Practical tip: Give each other honest and heartfelt thanks often, in front of the kids and apart from them. Let the kids see how much you appreciate each other, both in your heart and in your words. You can also help the kids say thanks to the other parent and understand in what very important ways they are contributing to the family. Respecting and being grateful are valuable tools for your children to use in their own relationships.
(9) Spend time alone – together and apart.
You always hear about the importance of couples’ having time alone together and I could not agree more. It is really important to have time to consult in private, have fun together, and nurture the relationship. But likewise I feel it is also really great to have your own set of friends and to spend a bit of time “alone” apart.
My husband cannot fulfill 100% of my needs for meaningful relationships – he is my main partner in life but I also value the conversation and experiences I have with my other friends. Actually I usually find spending time away from my husband makes me appreciate time with him even more. When we support one another in our relationship with each other, and also in our own personal friendships, our hearts feel more full and, for lack of a better word, no one has to be “needy.”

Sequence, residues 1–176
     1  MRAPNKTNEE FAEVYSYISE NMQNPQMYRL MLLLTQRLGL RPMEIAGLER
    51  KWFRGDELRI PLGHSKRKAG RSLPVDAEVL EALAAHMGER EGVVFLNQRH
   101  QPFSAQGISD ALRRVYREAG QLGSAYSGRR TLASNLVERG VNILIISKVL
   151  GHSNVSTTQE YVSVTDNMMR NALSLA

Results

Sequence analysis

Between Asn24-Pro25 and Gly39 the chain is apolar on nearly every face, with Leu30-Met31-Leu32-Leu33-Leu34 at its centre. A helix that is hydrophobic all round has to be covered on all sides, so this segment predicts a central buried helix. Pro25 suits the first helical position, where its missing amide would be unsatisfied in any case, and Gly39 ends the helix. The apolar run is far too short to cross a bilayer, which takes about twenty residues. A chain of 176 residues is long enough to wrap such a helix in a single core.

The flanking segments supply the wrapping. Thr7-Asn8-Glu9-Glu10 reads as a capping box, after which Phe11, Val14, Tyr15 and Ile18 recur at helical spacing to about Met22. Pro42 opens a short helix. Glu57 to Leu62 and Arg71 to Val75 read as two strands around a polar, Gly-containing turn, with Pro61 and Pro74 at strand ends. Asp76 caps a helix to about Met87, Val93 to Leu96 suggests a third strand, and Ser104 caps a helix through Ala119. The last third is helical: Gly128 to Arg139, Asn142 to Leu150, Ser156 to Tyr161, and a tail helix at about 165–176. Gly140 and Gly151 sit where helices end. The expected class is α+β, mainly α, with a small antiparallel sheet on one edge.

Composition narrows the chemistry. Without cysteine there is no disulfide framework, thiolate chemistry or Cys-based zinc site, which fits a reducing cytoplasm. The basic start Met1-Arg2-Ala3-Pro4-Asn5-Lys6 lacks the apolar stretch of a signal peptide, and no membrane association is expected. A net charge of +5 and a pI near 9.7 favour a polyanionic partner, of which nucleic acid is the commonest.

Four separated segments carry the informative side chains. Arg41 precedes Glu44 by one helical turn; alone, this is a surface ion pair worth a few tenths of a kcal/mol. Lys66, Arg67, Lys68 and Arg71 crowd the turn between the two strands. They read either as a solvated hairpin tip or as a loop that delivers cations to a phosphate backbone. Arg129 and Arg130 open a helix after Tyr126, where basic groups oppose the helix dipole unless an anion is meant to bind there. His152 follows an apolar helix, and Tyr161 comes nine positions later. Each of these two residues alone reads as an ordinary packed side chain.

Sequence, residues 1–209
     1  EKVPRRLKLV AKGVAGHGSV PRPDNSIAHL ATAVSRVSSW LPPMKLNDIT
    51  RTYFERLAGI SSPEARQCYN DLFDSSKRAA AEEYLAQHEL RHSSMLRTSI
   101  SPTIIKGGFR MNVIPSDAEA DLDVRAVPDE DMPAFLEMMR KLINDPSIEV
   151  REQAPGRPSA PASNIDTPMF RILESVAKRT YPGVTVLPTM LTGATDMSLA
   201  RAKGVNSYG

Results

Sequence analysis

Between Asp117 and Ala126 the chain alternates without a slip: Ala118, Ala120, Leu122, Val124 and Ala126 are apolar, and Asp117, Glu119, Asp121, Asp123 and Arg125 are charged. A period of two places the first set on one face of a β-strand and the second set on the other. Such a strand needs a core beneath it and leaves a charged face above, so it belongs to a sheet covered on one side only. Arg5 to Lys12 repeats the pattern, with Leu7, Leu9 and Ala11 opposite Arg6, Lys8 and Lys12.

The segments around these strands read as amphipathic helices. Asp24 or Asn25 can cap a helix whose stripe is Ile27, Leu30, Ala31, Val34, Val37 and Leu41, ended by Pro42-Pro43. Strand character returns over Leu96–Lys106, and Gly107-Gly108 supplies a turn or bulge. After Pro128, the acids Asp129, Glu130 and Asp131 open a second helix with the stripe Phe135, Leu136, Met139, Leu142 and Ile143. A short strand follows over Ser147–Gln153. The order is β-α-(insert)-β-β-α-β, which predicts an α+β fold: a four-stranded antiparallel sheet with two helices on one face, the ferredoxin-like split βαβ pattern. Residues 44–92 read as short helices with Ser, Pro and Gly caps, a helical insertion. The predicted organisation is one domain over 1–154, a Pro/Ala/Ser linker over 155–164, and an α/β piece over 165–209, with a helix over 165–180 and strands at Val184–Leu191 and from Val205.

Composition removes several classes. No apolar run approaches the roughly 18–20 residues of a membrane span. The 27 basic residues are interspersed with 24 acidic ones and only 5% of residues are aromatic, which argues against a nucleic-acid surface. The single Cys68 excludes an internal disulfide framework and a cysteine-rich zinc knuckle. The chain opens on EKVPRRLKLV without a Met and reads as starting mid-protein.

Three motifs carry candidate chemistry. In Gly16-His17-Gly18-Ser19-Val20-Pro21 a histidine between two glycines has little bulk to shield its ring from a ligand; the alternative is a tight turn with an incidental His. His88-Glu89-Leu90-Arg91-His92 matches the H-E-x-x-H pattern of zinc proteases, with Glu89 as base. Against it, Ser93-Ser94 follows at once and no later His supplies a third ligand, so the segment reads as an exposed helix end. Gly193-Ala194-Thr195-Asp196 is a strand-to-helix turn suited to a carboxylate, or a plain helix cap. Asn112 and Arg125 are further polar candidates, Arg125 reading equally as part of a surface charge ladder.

Practical tip: Set a date night (whether out of the house or in) at least once a month. Also take turns having a night out with friends, even if it’s only once every month or two. The kids should see that you are very special to each other but that you also have relationships outside the family. Each of you are whole people on your own, not completely dependent on each other or each others’ only friend. This will help both of you feel fulfilled with loving relationships; and teach your children that they should have a network of friends and not rely on only one person.
(10) Do not give up.